Control relay

Control relay

A control relay is an electromechanical device which activates one or more switches according to the current through a coil not connected to the switches. The thyristor is a semiconductor device which carries out similar functions.

A relay is essentially an electromagnet with two possible states arranged so that when there is sufficient current the core of the relay's coil attracts a ferromagnetic armature which mechanically operates switches; a spring holds the armature away from the core when not actuated. The spring is designed to snap the contacts between two stable mechanical states; there should not be a range of coil current which allows the contacts to be in an intermediate state.

A relay allows circuits to be switched by electrical equipment: for example, a timer circuit with a relay could switch power at a preset time. For many years relays were the standard method of controlling industrial electronic systems. A number of relays could be used together to carry out complex functions (relay logic). The principle of relay logic is based on relays which energize and de-energize associated contacts. Relay logic is the predecessor of ladder logic, which is commonly used in Programmable logic controllers.

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When electric current passes through a coil, magnetic north and south poles are produced across the gap separating the coil and armature. The relay is actuated, or latched, when sufficient current through the coil makes the attractive force between the core and armature overcome the spring tension . The relay remains latched as long as at least a specific value of "holding current", which can be lower than the actuating current, flows through the coil. When the current through the coil is reduced below this value, the magnetic attraction of the armature becomes too weak to hold it in the actuated position and the spring snaps it to the non-actuated position.

There are many considerations involved in the correct selection of a control relay for a particular application. These considerations include factors such as speed of operation, sensitivity, and hysteresis. Although typical control relays operate in the 5 ms to 20 ms range, relays with switching speeds as fast as 100 us are available. Reed relays which are actuated by low currents and switch fast are suitable for controlling small currents.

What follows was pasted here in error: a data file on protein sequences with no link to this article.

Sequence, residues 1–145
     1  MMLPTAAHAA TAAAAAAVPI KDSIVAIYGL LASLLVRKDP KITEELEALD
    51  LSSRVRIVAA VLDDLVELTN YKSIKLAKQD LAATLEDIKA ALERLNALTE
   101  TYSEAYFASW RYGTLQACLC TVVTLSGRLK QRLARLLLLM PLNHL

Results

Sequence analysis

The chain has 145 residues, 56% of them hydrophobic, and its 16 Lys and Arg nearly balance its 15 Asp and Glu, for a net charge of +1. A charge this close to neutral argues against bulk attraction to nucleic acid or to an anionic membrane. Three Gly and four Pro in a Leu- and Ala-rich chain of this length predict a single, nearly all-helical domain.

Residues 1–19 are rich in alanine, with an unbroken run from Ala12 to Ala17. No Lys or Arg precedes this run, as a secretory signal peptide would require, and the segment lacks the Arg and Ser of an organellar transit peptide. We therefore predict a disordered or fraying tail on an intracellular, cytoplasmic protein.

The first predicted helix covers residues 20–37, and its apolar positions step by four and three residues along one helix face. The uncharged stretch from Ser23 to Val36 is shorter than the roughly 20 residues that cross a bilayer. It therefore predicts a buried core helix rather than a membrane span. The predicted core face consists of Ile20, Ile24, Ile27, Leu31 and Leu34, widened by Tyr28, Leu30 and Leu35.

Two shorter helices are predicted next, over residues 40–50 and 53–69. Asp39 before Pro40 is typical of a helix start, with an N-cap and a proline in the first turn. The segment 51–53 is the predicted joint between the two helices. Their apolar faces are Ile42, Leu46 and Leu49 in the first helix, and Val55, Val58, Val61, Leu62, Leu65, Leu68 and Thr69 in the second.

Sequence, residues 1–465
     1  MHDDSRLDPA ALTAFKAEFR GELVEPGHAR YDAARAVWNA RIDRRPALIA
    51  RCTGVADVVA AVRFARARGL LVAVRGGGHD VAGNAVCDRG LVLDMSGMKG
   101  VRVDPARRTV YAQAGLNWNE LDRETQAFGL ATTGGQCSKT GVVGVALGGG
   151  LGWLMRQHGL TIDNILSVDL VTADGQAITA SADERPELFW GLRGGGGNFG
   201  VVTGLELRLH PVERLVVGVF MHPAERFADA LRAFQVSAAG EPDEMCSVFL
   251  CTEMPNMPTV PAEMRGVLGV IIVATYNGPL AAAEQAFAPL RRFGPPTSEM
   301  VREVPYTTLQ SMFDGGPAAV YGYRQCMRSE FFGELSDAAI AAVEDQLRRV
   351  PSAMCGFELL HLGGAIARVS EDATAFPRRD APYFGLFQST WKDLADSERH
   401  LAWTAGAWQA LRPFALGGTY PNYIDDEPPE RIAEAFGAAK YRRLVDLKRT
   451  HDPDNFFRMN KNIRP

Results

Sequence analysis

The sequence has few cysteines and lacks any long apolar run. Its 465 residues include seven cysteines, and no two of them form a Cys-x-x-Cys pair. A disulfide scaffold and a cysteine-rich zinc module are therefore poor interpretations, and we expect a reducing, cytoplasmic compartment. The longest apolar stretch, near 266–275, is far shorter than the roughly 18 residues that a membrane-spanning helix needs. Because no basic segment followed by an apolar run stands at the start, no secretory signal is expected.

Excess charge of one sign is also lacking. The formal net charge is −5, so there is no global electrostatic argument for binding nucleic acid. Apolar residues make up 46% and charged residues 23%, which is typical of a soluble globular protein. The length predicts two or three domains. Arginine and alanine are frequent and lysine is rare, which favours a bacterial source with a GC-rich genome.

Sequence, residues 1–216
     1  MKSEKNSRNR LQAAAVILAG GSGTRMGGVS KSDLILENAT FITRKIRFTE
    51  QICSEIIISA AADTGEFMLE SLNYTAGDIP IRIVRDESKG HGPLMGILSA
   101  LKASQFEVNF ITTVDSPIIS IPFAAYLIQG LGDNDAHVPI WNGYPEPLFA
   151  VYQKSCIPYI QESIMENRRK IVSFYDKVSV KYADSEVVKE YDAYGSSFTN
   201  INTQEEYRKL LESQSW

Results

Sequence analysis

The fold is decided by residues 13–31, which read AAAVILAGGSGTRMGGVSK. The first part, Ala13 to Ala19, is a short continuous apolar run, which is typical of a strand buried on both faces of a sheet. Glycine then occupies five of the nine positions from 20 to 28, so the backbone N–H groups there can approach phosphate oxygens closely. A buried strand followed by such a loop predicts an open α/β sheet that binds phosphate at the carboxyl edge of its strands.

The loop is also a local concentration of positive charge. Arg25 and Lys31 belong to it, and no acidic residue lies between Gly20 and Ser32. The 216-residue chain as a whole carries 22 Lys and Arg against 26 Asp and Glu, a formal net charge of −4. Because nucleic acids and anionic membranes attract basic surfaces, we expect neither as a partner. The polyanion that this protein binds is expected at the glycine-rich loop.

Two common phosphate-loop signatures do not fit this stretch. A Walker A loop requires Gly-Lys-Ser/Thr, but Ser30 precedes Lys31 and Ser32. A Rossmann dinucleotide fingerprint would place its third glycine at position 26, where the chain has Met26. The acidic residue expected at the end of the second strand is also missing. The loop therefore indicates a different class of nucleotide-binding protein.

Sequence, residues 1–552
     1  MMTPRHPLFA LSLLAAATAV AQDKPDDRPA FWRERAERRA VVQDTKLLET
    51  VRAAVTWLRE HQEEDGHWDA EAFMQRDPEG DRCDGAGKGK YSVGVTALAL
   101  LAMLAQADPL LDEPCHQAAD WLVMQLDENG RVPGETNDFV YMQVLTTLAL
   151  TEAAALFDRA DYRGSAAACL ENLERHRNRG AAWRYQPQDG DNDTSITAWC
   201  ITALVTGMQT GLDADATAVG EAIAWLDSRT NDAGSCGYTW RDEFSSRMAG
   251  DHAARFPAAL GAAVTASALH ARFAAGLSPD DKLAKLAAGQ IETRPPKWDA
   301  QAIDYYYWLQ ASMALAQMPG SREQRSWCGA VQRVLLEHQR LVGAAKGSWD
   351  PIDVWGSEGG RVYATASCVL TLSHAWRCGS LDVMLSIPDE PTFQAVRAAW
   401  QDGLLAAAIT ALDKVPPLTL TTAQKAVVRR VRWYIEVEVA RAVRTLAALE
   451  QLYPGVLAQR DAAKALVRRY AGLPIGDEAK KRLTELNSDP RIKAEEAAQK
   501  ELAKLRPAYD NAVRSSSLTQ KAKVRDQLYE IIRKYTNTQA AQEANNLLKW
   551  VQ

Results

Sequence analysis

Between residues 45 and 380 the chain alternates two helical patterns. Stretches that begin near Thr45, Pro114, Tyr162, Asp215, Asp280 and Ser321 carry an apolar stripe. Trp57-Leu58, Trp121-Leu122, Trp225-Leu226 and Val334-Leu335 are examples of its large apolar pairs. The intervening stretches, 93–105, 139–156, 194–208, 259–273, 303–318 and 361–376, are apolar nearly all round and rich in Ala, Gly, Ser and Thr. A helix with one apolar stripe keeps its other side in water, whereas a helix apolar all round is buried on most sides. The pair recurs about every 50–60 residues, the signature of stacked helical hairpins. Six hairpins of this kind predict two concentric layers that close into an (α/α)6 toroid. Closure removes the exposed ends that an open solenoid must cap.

As for any switch, the current through the relay contacts (unrelated to the current through the coil) must not exceed a certain value to avoid damage. In the particular case of high-inductance circuits such as motors other issues must be addressed. When a power source is connected to an inductance, an input surge current which may be several times larger than the steady current exists. When the circuit is broken, the current cannot change instantaneously, which creates a potentially damaging spark across the separating contacts.

Consequently for relays which may be used to control inductive loads we must specify the maximum current that may flow through the relay contacts when it actuates, the "make rating"; the continuous rating; and the "break rating". The make rating may be several times larger than the continuous rating, which is itself larger than the break rating.

Derating factors

Control relays should not be operated above rated temperature because of resulting increased degradation and fatigue. Common practice is to derate 20 degrees Celsius from the maximum rated temperature limit. Relays operating at rated load are also affected by their environment. Oil vapors may greatly decrease the contact tip life, and dust or dirt may cause the tips to burn before their normal life expectancy. Control relay life cycle varies from 50,000 to over one million cycles depending on the electrical loads of the contacts, duty cycle, application, and the extent to which the relay is derated. When a control relay is operating at its derated value, it is controlling a lower value of current than its maximum make and break ratings. This is often done to extend the operating life of the control relay. Table 1 lists the relay and switch derating factors for typical industrial control applications.

References

Colin Simpson, Principles of Electronics, Prentice-Hall, 2002, ISBN 0-0686860-3-6


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